Eeeeenteresting, even if it might just relate to a technical question of application. When Donald Trump issued his clemency action for Roger Stone, he chose to commute the sentence rather than issue a full pardon. Does that commutation also apply to Stone’s probation and the conditions set for it? Judge Amy Berman Jackson, the presiding jurist in the trial, has ordered the Department of Justice to explain the commutation language — raising at least the theoretical possibility of judicial review on an executive clemency action:
!!! Judge Amy Berman Jackson wants to see Roger Stone’s commutation paperwork, after questions have arisen about whether President Trump’s clemency covers only Stone’s prison time or also his probation. US Probation Office has raised questions about the commutation @kpolantz
— Shimon Prokupecz (@ShimonPro) July 13, 2020
A federal judge on Monday ordered the government to explain the “scope” of President Trump’s commutation of longtime GOP operative Roger Stone, including whether the move only involved the sentence of incarceration, or also the period of supervised release.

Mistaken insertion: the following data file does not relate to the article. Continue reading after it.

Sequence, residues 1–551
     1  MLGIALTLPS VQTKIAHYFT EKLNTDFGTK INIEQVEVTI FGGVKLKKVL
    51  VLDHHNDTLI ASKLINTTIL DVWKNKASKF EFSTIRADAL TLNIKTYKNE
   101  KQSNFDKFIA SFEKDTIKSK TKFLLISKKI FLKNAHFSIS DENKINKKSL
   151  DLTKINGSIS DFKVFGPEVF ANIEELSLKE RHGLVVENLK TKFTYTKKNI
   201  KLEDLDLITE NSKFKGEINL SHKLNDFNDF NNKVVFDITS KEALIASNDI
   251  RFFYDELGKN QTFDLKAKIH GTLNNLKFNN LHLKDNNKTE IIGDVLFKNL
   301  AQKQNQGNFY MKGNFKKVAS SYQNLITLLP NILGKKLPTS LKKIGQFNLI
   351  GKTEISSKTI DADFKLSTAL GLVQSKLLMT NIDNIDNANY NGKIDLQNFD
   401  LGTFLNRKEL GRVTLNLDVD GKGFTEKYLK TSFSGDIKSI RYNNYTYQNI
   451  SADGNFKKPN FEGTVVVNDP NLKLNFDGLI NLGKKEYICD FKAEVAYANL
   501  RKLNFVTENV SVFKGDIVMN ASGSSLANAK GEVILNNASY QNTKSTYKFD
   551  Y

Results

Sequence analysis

U.S. District Judge Amy Berman Jackson ordered the government to provide the court by Tuesday, July 14, “a copy of the Executive Order commuting the defendant’s sentence and to address the question of the scope of the commutation, in particular, whether it involves the sentence of incarceration alone or also the period of supervised release.” …
The filing, signed by Jackson, comes after the White House announced Friday that the president signed an Executive Grant of Clemency commuting what they called the “unjust sentence” of Stone, just days before the longtime political operative was slated to report to prison to serve more than three years for charges stemming from former Special Counsel Robert Mueller’s investigation.